Water Treatment — There Is No Magic Bullet

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Water treatment hasn t changed in 20 years, so be wary of companies selling cures for all water-quality issues, says Melissa Orr, an Alberta Agriculture water engineer.

Look for a reputable company, that provides a good warranty and service, she advises. The treatments that work are chlorine, ozone and UV, disinfectants and each has its place.

For well water, which has very little organic material, chlorine is simple, tried and true, and Orr s preference. Ozone and peroxide are very corrosive and she says they may not be as safe as some suggest.

A chlorine treatment system must use a tank to hold the water in contact with the chlorine for a set period of time and then a carbon filter to remove the organic material. The carbon filter must be changed or rebedded with new carbon periodically.

It becomes exhausted, unable to hold any more chlorine-linked material and, it s filtering out organic material, so it s a perfect breeding ground for bacteria, she says.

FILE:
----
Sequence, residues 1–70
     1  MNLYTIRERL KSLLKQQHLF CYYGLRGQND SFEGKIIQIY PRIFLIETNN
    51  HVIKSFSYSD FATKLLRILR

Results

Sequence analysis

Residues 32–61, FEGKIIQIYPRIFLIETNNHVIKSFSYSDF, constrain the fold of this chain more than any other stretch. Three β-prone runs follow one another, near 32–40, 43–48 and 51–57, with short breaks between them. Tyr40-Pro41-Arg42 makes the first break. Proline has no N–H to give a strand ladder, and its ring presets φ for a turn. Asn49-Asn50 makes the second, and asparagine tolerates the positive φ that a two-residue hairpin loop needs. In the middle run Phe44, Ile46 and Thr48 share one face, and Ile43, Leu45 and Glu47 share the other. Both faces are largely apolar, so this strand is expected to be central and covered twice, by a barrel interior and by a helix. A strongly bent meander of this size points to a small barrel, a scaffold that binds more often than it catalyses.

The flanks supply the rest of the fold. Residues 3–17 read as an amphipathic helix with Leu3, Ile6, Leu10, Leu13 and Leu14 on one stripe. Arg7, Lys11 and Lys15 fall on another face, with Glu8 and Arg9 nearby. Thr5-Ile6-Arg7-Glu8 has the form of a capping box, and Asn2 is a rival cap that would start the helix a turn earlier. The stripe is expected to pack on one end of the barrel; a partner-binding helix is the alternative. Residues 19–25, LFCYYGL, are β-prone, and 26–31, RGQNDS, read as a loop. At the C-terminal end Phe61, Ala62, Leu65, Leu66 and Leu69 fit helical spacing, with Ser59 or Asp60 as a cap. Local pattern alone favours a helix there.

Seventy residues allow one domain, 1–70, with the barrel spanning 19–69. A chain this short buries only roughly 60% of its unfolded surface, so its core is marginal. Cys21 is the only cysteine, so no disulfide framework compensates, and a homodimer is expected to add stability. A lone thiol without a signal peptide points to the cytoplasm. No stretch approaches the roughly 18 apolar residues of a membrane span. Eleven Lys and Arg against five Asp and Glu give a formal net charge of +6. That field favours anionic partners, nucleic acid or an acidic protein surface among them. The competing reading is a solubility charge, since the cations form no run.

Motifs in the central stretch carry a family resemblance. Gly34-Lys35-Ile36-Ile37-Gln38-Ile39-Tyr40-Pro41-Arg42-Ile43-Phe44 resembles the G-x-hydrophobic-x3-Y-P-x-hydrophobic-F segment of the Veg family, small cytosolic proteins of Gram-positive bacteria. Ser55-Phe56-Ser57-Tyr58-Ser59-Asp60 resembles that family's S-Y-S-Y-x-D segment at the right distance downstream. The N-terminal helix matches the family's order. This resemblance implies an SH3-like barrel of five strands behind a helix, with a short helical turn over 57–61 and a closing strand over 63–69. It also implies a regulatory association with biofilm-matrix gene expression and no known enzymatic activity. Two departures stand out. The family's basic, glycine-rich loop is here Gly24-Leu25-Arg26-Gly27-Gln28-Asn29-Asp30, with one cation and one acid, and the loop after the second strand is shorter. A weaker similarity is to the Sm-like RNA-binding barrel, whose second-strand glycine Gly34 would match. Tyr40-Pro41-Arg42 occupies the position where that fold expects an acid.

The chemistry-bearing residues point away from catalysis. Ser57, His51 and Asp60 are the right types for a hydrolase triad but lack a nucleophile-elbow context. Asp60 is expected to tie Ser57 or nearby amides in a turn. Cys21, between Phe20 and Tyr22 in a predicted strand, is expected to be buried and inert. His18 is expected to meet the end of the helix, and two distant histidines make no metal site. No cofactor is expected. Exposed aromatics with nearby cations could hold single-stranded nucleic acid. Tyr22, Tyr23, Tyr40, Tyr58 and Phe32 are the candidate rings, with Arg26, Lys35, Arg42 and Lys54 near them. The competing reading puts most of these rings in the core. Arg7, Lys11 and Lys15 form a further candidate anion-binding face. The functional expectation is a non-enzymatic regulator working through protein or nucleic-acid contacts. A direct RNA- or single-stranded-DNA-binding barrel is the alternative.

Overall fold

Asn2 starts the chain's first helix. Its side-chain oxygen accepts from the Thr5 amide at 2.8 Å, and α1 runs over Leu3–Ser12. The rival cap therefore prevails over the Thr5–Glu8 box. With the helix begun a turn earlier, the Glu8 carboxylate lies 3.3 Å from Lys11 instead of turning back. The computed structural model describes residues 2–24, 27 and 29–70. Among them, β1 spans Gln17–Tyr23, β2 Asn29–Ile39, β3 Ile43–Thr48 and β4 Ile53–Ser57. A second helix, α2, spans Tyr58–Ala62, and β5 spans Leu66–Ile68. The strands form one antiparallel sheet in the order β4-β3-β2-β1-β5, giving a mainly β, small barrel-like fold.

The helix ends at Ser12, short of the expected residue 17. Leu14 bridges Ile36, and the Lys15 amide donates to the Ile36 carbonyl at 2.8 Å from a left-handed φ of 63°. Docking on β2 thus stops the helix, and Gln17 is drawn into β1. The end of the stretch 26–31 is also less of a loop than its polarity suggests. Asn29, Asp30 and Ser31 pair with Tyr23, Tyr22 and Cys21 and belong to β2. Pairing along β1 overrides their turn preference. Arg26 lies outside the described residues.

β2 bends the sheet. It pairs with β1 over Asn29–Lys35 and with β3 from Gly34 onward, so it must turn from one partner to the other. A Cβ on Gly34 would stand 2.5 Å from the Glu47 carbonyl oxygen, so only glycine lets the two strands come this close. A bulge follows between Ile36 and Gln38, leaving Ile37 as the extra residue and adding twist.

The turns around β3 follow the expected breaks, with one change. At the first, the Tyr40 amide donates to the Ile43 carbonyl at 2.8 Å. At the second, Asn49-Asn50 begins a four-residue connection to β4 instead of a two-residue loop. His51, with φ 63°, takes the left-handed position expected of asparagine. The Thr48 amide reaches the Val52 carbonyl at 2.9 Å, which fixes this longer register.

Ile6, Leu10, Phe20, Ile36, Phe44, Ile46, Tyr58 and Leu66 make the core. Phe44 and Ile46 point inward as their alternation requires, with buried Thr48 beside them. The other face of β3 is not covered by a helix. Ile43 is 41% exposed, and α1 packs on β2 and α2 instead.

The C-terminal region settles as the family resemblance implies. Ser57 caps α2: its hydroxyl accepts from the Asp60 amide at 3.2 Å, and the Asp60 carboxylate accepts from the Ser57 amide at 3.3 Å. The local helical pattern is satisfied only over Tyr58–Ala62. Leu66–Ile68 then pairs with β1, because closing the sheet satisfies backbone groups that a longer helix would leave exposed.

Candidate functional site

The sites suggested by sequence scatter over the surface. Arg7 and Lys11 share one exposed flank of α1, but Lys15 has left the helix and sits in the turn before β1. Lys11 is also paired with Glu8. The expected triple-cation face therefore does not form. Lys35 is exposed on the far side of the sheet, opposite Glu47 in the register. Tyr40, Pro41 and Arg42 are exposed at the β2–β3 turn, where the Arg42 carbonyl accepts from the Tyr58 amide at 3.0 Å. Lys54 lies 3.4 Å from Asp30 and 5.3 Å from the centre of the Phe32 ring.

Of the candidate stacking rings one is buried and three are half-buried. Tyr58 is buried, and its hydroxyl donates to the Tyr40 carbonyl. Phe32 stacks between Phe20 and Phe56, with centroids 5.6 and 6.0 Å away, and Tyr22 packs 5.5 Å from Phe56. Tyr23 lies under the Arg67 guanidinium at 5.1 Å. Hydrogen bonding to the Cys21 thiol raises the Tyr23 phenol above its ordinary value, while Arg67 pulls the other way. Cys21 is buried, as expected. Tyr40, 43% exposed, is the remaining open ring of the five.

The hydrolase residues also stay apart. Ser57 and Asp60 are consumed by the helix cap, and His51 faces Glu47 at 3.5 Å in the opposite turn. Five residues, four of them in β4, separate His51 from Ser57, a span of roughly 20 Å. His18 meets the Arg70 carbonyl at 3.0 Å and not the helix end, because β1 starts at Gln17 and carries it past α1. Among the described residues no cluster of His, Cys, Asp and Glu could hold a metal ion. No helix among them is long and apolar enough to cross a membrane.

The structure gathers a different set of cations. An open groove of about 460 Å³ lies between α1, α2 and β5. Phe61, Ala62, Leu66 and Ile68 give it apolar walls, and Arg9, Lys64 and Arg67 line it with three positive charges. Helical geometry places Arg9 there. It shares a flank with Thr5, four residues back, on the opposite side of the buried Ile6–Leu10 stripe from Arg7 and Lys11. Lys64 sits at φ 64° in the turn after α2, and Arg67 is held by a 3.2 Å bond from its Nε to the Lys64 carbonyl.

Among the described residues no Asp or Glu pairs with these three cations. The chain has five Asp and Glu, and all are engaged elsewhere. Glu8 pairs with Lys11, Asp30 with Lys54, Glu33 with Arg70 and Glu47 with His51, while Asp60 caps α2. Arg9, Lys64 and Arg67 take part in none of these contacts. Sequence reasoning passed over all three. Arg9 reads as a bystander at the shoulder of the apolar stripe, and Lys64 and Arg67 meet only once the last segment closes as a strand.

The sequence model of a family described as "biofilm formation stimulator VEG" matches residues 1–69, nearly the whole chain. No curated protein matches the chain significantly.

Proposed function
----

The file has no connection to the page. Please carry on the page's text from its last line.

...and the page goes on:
A tank system for chlorine disinfection of water works well, says Orr. Any change in the taste or smell of the water will alert you that it s not working properly. She doesn t like systems that drop chlorine pellets into the well. The pellets can corrode the casing as they bounce against it. They may fall onto the pump or pitless adaptor and dissolve slowly, allowing a concentrated chlorine solution to corrode them or cement them to the casing. Also, she says, chlorine pellets don t disinfect the entire water column in the well. Some parts of the water column have too much chlorine and others have too little.

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